'On the question whether there was an agreement between the parties that the contract was to be non-transferable the absence of a specific clause forbidding transfer is not conclusive. What has to be seen is whether it could be held on a reasonable interpretation of the contract, aided by such considerations as can legitimately be taken into a court that the agreement of the parties was that it was not to be transferred.'
It is true that the absence of a clause in the contract that the contract is non-transferable is not decisive or conclusive but it is equally true that there should be | no presumption also against the transferability of a the contract. The actual decision of the Supreme Court as to the, non-transferability of the contract was based upon the peculiar terms of the contract considered in conjunction with terms of the import license. The Supreme Court case therefore does not help the appellant to any appreciable extent except that the question of the transferability or otherwise of the contract has to be examined on the facts and the circumstances of the present case. A reference to condition No. 6 of the contract as given in the plaint as also in the plaintiff's letter dated 21-5-54 clearly shows that the defendant-purchaser had an option to receive delivery himself or to get delivery made to his nominee. Nominee could very well be the defendant's vendees, purchaser or transferee. This circumstance in the absence of any other evidence to the contrary is sufficient to show that the benefits of the contracts were transferable and the plaintiff has failed to prove that the1 benefits were not transferable.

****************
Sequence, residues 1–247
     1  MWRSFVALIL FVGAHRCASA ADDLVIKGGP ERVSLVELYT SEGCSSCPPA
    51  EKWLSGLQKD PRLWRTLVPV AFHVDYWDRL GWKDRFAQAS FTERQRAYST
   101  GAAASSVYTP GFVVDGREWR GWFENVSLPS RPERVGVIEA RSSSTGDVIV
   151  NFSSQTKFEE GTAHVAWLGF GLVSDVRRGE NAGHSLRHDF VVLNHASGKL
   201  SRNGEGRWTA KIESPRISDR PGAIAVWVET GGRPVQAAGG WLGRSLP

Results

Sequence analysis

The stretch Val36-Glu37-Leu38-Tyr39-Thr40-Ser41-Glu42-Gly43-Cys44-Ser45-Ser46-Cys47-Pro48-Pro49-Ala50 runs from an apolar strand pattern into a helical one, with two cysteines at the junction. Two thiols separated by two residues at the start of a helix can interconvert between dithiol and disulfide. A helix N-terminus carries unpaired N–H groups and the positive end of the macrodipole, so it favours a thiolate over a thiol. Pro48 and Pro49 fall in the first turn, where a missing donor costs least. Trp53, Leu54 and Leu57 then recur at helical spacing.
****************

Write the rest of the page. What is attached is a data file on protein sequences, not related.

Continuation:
9. Next, it was argued by Mr. Rastogi that the plaintiff had no knowledge of the order as also of the notification at the time of his entering into contract with the defendant nor at the time of the institution of the suit. He could not accordingly plead in the plaint that the contract was not non-transferable, and that he should be now given an opportunity to lead evidence on this point. The legal position came to the plaintiff's notice in the trial Court when the preliminary issue regarding illegality was argued. The plaintiff did not even at that stage referred to notification at all. In the ground of appeal filed in the Court of District Judge he did not rely specifically on the notification and prayed for no opportunity to lead evidence. On the other hand, he mainly 'relied upon the fact that the Contract was not a forward contract. I do not see any adequate reason to permit the plaintiff now to amend the plaint and to lead evidence so as to bring his case within exemption.
10. Lastly, it was contended that the Courts below did not act -properly in decreeing the defendant-respondent's counter claim for Rs. 1,000/-. It was contended that the defendant was also a party to the illegal, contract and, therefore, on the doctrine of pan delicto he was not entitled to claim the refund of Rs. 1,000/-. Reliance was placed upon Onkarmal v. Banwarilal, ILR (1962) 12 Raj 202: (AIR 1962 Raj 127). In that case the doctrine of pan delicto was expressed in the following terms:
'The principle behind the doctrine of pari delicto is that where each party is equally at fault, the law favours him who is actually in possession, or that where both parties are equally culpable, the law will leave them where it finds them and will not engage itself to determine the rights as between them. But this principle is subject to well known exceptions, one of which is that it will not apply where the parties are not or cannot be said to be really in pari delicto.'
In the present case, it is clear that the parties were not aware of the notification prohibiting forward contracts in hydrogenated ground-nut oil and there is nothing to show that the defendant was really in pari delicto. The contract between the parties having been discovered to be void at a later stage the defendant was entitled to refund of Rs. 1,000/- paid by him to the plaintiff.
11. The decree passed by the trial Court and affirmed by the first appellate Court is fully justified on the materials on record and no case has been made out for interference. The appeal consequently fails and is hereby dismissed with costs.
12. Mr. Rastogi prays for leave to appeal. Leave to appeal is granted.